A moose hunt made a good excuse for a ski with a friend down a forest management road a few miles west of the house this past weekend. It was a hunt in the purest sense of the word, but not with a …
A moose hunt made a good excuse for a ski with a friend down a forest management road a few miles west of the house this past weekend. It was a hunt in the purest sense of the word, but not with a gun.
Instead, I wanted to check out an area where I had encountered plentiful moose sign last summer and fall. Given that moose have grown more scarce in the area in recent years, I make note when I do run into evidence of moose activity. I hadn’t been back there since the snow arrived in early November and the hard-crusted snow that we had last week made it a great time to get around in the woods.
The area we were exploring was a mix of habitats, some recent clearcuts, some younger and middle-aged woods as well. It was mostly aspen, along with some pockets of spruce and balsam fir which is where I had seen most of the moose sign last year.
It didn’t take long to discover that the moose were still in the vicinity. We first found an old set of tracks in the same area as last year. In deep snow, my first impression of moose tracks is that they look like human tracks, albeit from a very long-legged human. But after following a set of old tracks, we soon discovered more recent tracks and those eventually led to even more recent tracks, including some where the big split hooves of at least two and probably three different moose were visible.
Further down an ever-narrowing logging road, we found where the moose had been actively feeding within the last day or so. The evidence of moose browsing is always impressive. Shrubs and small trees up to a couple inches in diameter can be found just snapped off as the moose key in on the freshest and highest buds they can reach. The height at which moose can browse is also surprising. We were standing on nearly two feet of crusted snow, which gave me a reach of nearly ten feet off the ground, yet I could find branches browsed even above my reach. It’s clear that long legs, a relatively long neck and an extraordinarily long head, give the moose a reach that extends far beyond that of any other herbivore in North America. The moose in this case were browsing primarily on young aspen along with shrubs like willow and mountain maple, often and appropriately referred to as “moose maple” in our area.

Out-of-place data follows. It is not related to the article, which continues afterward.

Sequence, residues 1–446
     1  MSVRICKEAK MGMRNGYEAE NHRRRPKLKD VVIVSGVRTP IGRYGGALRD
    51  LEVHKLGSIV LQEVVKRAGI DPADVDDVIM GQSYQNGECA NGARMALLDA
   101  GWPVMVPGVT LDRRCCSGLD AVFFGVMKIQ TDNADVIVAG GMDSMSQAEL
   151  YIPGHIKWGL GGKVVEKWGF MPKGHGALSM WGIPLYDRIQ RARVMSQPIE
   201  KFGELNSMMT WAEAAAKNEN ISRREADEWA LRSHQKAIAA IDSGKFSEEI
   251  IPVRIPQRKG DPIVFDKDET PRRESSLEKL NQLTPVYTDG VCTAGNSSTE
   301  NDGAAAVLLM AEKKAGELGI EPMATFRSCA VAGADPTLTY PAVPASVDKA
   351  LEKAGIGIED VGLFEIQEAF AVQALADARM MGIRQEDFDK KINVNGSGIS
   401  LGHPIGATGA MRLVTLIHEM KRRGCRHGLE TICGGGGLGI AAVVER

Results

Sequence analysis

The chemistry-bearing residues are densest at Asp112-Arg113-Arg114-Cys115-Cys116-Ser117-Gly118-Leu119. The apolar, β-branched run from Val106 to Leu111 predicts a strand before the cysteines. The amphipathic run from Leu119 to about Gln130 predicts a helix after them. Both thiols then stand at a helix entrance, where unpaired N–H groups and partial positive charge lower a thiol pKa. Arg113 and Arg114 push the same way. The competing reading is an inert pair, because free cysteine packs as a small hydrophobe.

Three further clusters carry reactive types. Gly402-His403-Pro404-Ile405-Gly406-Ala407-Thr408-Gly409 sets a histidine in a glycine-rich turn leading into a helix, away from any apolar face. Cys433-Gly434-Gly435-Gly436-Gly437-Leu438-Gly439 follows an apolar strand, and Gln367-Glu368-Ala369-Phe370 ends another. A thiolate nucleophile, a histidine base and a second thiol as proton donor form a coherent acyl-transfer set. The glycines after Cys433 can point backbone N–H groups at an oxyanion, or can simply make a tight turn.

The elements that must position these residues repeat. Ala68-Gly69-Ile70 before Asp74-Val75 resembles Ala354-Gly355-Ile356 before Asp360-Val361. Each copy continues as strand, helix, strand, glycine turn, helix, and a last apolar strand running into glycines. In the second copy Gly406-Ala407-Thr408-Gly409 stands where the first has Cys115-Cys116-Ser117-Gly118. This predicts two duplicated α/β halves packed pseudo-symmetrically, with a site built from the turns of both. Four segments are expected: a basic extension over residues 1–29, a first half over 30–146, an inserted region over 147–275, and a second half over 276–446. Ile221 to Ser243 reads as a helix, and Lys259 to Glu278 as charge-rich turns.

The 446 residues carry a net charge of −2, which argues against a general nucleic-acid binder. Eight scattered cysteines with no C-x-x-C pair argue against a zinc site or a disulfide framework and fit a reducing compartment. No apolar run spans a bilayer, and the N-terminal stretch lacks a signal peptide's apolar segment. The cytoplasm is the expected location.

Eventually, we started to find recent moose pellets, or droppings, which my friend, who is a relatively new resident, found impressively compact and efficient.
As we skied further, we soon found a recent moose bed in the snow, which was enormous by the scale of a typical deer bed. The both of us could have easily laid down in the giant impression in the snow with room to spare. Understanding the reach of a browsing moose and then seeing the size of their bed reminds you very quickly that these really are enormous animals. There are actually four subspecies of moose in North America and the subspecies found here in the North Country is known as the northwestern moose. It’s the subspecies that inhabits the western two-thirds of Canada and it’s the second largest of the subspecies found in North America, behind only the Alaskan moose. An Alaskan bull can weigh up to 1,300 pounds while a bull here in northern Minnesota can tip the scales at about 1,000 pounds. The two other subspecies are considerably smaller, with adult bulls weighing 600-800 pounds.
It’s interesting to note that the moose we tracked recently are considered outside Minnesota’s primary moose range, which has contracted to the east across the Arrowhead in recent years. Right now, the primary moose range, as determined by the DNR, starts just east of Tower, where deer densities begin to fall off. Outside the primary range, moose are typically found in more isolated pockets, like this group of animals I’ve been tracking. The good news is that the moose population has stabilized in northeastern Minnesota after about a decade of decline. I’d like to think that these animals are part of a tentative recovery in areas outside the primary range. Hopefully, that means that we’ll have moose to “hunt” around here for a long time to come.